*node*

*route*

```
def Dijkstra(G, origin, destination):
# Using a set here avoids the problem with self loops
seen = set()
shortest_dist = {osmid: math.inf for osmid in G.nodes()}
unrelaxed_nodes = [Node(graph=G, osmid=osmid) for osmid in G.nodes()]
shortest_dist[origin.osmid] = 0
found = False
while len(unrelaxed_nodes) > 0 and not found:
node = min(unrelaxed_nodes, key=lambda node: shortest_dist[node.osmid])
# relaxing the node, so this node's value in shortest_dist is the shortest distance between the origin and destination
unrelaxed_nodes.remove(node)
seen.add(node.osmid)
# if the destination node has been relaxed then that is the route we want
if node == destination:
route = node.path()
found = True
continue
# otherwise, let's relax edges of its neighbours
for child in node.expand():
# skip self-loops
if child.osmid in seen:
continue
child_obj = next(
(node for node in unrelaxed_nodes if node.osmid == child.osmid), None
)
child_obj.distance = child.distance
distance = shortest_dist[node.osmid] + child.distance
if distance < shortest_dist[child_obj.osmid]:
shortest_dist[child_obj.osmid] = distance
child_obj.parent = node
return route
```

```
route = Dijkstra(G, origin, destination)
print(f"Route: {route}")
print(f"Cost: {cost(G,route)}")
draw_route(G, route)
```

```
Route: [55808290, 304891685, 55808284, 1252869817, 55808239, 389678268, 4953810915, 389678267, 24960090, 389678273, 24959523, 50885177, 389677947, 2143489692, 2480712846, 389678140, 389678139, 389678138, 3707407638, 6028561924, 5098988924, 389678131, 6028562356, 854322047, 389677908, 749952029, 389677909]
Cost: 801.464
```

### Uniform-Cost Search (UCS)¶

Uniform-Cost Search (UCS) algorithm is a blind search algorithm that uses the lowest cumulative cost to find a path from the origin to the destination. This variant of Dijkstra’s algorithm is useful for large graphs as it is less time consuming and has fewer space requirements, where the priority queue is filled gradually as opposed to Dijkstra’s, which adds all nodes to the queue on start with an infinite cost.

**UNIFORM-COST-SEARCH**(

*graph*,

*source*,

*destination*)

**return**a

*route*

*priority_queue*←

*source*

*found*←

*False*

*seen*←

*source*

while

*priority_queue*is not

*empty*and

*found*is

*False*do

*node*←

*priority_queue*.pop()

*seen*←

*node*

*node_cost*← cumulative distance from origin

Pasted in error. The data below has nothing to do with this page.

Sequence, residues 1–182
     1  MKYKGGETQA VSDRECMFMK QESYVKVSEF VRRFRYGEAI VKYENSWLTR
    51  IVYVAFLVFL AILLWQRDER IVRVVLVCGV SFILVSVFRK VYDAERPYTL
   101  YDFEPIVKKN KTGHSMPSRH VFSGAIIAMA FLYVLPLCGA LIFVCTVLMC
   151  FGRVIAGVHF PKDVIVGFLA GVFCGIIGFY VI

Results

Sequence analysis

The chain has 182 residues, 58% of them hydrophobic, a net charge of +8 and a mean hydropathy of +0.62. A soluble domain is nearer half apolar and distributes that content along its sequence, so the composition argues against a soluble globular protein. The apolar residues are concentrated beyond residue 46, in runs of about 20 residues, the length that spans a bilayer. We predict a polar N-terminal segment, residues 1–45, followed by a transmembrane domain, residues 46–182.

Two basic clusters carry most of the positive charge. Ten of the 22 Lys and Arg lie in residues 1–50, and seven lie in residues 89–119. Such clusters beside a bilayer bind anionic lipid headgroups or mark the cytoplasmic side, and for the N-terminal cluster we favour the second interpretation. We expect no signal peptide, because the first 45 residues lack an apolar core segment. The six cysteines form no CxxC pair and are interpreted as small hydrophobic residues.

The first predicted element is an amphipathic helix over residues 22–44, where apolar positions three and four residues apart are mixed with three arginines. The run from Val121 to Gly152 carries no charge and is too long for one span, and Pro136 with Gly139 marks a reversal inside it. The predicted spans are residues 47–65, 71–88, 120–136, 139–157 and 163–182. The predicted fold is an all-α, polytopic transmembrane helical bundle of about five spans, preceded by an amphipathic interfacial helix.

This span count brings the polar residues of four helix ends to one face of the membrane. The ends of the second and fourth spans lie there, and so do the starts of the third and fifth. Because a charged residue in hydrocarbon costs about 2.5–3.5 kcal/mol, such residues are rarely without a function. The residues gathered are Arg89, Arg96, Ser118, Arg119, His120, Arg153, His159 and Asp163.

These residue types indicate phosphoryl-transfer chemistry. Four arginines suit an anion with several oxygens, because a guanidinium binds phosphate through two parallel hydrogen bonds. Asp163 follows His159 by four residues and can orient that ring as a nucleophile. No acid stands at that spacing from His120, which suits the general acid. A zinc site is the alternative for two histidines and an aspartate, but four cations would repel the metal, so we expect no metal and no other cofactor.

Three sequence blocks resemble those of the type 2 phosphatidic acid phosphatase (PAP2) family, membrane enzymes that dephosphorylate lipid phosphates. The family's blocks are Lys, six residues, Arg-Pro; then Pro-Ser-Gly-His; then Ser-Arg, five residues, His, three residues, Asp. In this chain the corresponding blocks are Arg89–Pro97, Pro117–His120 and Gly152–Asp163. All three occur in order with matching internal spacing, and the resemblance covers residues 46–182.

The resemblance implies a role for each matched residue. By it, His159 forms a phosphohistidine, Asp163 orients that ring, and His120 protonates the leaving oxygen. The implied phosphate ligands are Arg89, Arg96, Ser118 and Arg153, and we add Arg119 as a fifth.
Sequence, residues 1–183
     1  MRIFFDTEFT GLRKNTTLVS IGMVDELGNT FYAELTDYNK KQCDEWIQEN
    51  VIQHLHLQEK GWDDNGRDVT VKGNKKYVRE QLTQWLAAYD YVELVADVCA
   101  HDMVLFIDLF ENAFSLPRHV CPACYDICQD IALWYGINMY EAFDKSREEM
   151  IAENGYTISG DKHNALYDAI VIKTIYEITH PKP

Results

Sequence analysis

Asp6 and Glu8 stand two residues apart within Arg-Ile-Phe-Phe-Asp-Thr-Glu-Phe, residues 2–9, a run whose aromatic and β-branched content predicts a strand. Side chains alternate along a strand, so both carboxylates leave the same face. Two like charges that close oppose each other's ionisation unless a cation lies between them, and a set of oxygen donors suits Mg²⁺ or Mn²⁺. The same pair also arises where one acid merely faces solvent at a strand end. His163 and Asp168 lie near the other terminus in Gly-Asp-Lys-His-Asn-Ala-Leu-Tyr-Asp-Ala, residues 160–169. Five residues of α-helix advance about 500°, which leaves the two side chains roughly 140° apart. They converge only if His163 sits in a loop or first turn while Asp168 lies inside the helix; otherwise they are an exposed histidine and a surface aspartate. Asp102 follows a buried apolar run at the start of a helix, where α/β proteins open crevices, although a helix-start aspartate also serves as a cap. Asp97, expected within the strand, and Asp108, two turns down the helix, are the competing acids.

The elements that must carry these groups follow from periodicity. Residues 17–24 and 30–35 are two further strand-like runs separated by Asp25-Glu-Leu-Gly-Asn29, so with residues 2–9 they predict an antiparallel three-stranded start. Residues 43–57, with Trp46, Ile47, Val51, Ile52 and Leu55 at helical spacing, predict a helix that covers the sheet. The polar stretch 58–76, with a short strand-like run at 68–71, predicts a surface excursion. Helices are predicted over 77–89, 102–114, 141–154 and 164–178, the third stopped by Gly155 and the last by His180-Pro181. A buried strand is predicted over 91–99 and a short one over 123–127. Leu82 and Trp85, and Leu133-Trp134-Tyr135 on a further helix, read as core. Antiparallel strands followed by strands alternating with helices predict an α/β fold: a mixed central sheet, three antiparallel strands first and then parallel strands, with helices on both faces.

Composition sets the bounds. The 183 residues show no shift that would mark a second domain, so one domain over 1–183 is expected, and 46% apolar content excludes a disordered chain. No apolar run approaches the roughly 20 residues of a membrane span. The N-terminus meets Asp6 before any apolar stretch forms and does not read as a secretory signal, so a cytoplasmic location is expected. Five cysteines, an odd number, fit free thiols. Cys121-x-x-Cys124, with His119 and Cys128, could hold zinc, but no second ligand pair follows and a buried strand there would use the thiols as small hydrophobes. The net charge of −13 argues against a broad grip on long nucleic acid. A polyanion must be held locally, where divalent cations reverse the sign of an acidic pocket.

if

*node*is

*destination*then

*route*←

*node*.route()

*found*←

*True*

*child*in

*node*.expand() do

*child*in

*priority_queue*then

*child*.priority <

*priority_queue*[

*child*].priority then

*priority_queue*[

*child*].priority =

*child*.priority

*priority_queue*←

*child*

*priority_queue*[

*child*].priority ←

*node_cost*

*route*

Essentially, the algorithm organizes nodes to be explored by their cost (with lowest cost as highest priority). As nodes are popped from the queue, the node’s children are added to the queue. If a child already exists in the priority queue, the priorities of both copies of the child are compared, and the lowest cost (highest priority) is accepted. This ensures that the path to each child is the shortest one available. We also maintain a visited list to avoid revisiting nodes that have already been popped from the queue.

```
# This implementation uses a heap with tuples (a,b),
# a is the cost of a node, and b is the node id.
def UCS(G, origin, destination):
entry_count = 1
priority_queue = [(0, 0, origin)]
found = False
visited = []
while priority_queue and not found:
node = heapq.heappop(priority_queue)
node_cost = node[0]
node = node[2]
if node in visited:
continue
visited.append(node)
# We found the destination
if node == destination:
route = node.path()
found = True
continue
for child in node.expand():
total_cost = child.distance + node_cost
matches = [item for item in priority_queue if item[2] == child]
if matches:
# Update the entry if the new priority is better
if total_cost < matches[0][0]:
priority_queue[priority_queue.index(matches[0])] = (
total_cost,
entry_count,
child,
)
entry_count += 1
heapq.heapify(priority_queue)
else:
heapq.heappush(priority_queue, (total_cost, entry_count, child))
entry_count += 1
return route
```

```
route = UCS(G, origin, destination)
print(f"Route: {route}")
print(f"Cost: {cost(G,route)}")
draw_route(G, route)
```

```
Route: [55808290, 304891685, 55808284, 1252869817, 55808239, 389678268, 4953810915, 389678267, 24960090, 389678273, 24959523, 50885177, 389677947, 2143489692, 2480712846, 389678140, 389678139, 389678138, 3707407638, 6028561924, 5098988924, 389678131, 6028562356, 854322047, 389677908, 749952029, 389677909]
Cost: 801.464
```

As you can see, the results are identical to that of Dijkstra’s (the optimal solution), but this algorithm handles larger graphs much better, as it does not require all the nodes to be added to the queue at the very beginning.